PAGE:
Barefoot Campaign

Calling all Barefooted Lawyers!


Lawyers worldwide have taken a stand and have been silenced by oppressive regimes, as barefooted lawyers you can help raise awareness and end the violation of human rights.


When we talk of international human rights, the protection of civil liberties and the rule of law we perhaps take the role of the lawyer for granted. The advocate, the adviser and the human rights defender; the lawyer is many things to many people, but above all the lawyer plays an intrinsic part in upholding a fair system for the administration of justice. When states allow, or acquiesce in the abuse, disappearance or killing of lawyers it is not just the human rights of those lawyers that are violated but it is the system of justice that is completely undermined.

When a lawyer’s human rights are violated the breach is two-fold, their human rights and the right to access independent legal services.

Surely something can be done?


The UN Human Rights Council is mandated to protect and promote human rights. As part of this international human rights framework, the mandate for the Special Rapporteur on the Independence of Judges and Lawyers was created back in 1994, after the UN Commission on Human Rights noted the troubling rise in attacks on the independence of lawyers. Approaching 20 years later, the news is still littered with reports of attacks on lawyers and judges.

Governments are simply choosing to ignore the clear messages behind some of our well-known human rights instruments. The Basic Principles on the Role of Lawyers were adopted in 1990, and they provide basic guarantees for the independence of the legal profession.

Principle 16 provides that lawyers should be free from intimidation, hindrance, harassment or improper interference, and not threatened with prosecution or sanctions. In spite of Principle 18, which provides that lawyers shall not be identified with their clients or their clients’ causes, human rights defenders worldwide are targeted for representing unpopular defendants in oppressive regimes.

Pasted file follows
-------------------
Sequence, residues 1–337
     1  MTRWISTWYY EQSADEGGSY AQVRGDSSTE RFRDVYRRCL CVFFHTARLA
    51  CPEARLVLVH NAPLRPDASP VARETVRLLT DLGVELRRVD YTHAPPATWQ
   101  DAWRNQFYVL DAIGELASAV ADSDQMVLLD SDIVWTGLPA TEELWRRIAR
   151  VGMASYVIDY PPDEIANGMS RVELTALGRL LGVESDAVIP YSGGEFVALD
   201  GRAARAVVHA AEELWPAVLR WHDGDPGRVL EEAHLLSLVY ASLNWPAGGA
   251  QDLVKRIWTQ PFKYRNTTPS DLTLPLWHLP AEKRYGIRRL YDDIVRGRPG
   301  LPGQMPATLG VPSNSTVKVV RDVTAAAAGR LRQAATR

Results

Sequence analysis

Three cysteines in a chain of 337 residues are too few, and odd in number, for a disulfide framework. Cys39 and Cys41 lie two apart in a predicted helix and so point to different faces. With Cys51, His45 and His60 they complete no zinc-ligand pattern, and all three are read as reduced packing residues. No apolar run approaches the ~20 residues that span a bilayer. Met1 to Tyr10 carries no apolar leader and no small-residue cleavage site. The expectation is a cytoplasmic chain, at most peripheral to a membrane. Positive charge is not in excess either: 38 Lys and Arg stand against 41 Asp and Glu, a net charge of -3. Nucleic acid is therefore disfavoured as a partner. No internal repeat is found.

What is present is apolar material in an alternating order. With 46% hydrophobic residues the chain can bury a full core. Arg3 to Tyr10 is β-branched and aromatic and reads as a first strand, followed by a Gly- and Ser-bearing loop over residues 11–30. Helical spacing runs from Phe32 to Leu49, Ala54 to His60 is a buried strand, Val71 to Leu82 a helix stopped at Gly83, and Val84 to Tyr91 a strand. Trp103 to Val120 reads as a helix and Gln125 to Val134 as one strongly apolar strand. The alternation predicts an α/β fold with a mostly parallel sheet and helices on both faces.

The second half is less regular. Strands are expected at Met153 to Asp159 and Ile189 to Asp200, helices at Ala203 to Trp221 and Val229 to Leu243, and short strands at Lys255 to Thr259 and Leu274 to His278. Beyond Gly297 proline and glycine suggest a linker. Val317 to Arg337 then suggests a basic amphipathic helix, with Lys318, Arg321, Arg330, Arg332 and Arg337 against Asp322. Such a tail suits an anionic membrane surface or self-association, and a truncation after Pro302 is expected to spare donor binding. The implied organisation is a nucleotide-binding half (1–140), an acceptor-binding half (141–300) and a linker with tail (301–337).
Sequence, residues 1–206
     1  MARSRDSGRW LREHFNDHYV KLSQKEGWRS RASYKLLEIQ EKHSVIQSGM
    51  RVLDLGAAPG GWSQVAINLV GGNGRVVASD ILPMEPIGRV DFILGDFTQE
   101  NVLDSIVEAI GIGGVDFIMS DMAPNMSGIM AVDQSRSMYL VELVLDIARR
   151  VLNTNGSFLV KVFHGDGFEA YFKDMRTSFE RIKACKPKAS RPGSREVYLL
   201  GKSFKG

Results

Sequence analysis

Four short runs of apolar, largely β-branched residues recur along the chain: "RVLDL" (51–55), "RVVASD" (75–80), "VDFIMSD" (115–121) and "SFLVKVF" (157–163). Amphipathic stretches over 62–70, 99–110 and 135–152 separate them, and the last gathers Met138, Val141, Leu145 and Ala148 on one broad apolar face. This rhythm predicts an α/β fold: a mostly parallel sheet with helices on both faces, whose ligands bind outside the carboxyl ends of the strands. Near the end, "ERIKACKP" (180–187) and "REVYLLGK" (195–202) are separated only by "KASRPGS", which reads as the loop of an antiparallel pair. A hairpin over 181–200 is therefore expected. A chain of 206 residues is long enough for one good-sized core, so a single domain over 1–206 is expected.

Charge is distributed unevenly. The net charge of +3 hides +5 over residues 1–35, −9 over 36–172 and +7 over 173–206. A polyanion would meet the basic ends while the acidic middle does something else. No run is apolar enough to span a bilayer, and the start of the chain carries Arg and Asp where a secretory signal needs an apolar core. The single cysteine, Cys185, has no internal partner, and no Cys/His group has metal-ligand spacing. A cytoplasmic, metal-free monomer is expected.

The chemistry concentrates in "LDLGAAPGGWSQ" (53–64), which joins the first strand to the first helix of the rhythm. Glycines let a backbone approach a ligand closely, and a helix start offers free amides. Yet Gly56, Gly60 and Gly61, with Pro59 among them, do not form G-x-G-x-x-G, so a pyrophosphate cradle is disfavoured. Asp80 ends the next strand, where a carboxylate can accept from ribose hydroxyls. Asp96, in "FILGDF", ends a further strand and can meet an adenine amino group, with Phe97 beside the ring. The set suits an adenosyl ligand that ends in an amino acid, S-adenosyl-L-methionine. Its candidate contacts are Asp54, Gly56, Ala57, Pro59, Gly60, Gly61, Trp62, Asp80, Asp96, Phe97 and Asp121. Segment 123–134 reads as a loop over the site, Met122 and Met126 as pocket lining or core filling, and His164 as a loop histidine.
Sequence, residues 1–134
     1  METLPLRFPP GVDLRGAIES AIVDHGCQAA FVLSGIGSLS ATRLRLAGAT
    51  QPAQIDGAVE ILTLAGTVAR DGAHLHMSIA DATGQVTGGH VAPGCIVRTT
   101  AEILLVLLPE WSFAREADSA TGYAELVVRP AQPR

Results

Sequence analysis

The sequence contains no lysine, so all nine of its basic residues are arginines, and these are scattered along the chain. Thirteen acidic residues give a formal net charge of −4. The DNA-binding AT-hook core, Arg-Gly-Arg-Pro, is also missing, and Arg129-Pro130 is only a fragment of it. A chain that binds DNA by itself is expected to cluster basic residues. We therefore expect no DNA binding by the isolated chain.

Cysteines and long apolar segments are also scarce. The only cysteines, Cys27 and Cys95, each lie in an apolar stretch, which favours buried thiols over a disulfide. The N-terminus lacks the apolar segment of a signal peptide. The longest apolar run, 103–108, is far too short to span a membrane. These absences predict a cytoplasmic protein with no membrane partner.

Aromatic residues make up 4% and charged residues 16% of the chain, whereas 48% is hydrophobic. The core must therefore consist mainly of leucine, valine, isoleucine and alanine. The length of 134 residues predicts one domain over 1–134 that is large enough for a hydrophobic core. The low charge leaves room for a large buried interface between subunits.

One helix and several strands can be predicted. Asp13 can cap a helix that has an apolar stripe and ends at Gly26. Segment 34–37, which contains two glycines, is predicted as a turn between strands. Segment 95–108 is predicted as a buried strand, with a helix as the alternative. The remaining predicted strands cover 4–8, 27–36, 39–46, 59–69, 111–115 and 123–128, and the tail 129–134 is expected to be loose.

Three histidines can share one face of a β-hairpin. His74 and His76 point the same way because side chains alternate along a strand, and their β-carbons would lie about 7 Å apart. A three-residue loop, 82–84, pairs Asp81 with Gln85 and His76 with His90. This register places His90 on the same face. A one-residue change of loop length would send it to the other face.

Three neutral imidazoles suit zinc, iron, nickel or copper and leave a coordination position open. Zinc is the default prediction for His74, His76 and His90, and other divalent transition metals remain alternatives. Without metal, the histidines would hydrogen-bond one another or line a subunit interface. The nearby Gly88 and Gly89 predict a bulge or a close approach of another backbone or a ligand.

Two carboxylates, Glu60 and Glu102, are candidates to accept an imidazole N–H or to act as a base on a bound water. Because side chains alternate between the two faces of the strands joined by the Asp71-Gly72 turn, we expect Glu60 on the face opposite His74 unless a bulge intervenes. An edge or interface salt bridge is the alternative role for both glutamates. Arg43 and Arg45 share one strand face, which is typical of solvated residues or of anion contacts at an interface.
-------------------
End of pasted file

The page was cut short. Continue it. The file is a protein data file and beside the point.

Although these Basic Principles are not binding, the underlying protection of independence is mirrored in the right to a fair trial in the International Covenant on Civil and Political Rights (Article 14) and in the European Convention on Human Rights (Article 6).

In spite of the attempts in international law to provide protection for lawyers and for the independence of the legal system, Governments still attempt to influence lawyers, and those they cannot influence, they silence.


It was the brave story of barefooted lawyer Chen Guangcheng that kicked off the Barefoot Lawyer Campaign. Chinese human-rights activist Chen Guangcheng, referred to as the “barefooted lawyer”, was placed on house arrest on 9th September 2010. He had been hounded by his government for raising awareness of human rights infringements within rural areas in China. He escaped in April 2012 and continues to be an advocate for human rights, but his story of persecution is sadly not unique.

Amnesty International and Human Rights Watch, an independent human rights organisation, report on the situations across countries. Their annual reports tell of prosecution, abuse, imprisonment and murder. From 2012 to 2013 the Special Rapporteur on the Independence of Judges and Lawyers sent 96 correspondences in relation to threats to lawyers, but this is clearly just representative of those few cases that get reported or are surrounded by enough media attention.


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On reading about Chen Guangcheng’s ordeal and the suffering of lawyers worldwide, Birmingham barrister, Jason Hadden MBE, started the campaign to raise awareness and to press governments worldwide to allow lawyers to do their jobs in safety; ‘simply put, enough is enough. It is unacceptable in today’s world for any lawyer to be persecuted or harassed for undertaking their professional duty on behalf of their client.’

What can you do?

Join the campaign expressing solidarity and pressurising governments to end the persecution of lawyers. Whether you are in your office, meeting clients or in a court room, go barefoot to support the idea that lawyers should be free to represent their clients without any restrictions or pressure from governments.

Follow us on twitter and help us raise awareness. @tweetlawfeet

We welcome all news items on situations where lawyers or human rights defenders are being silenced.

Send in pictures of your peaceful barefoot lawyer protest.

‘All of us can become a barefooted lawyer for one day’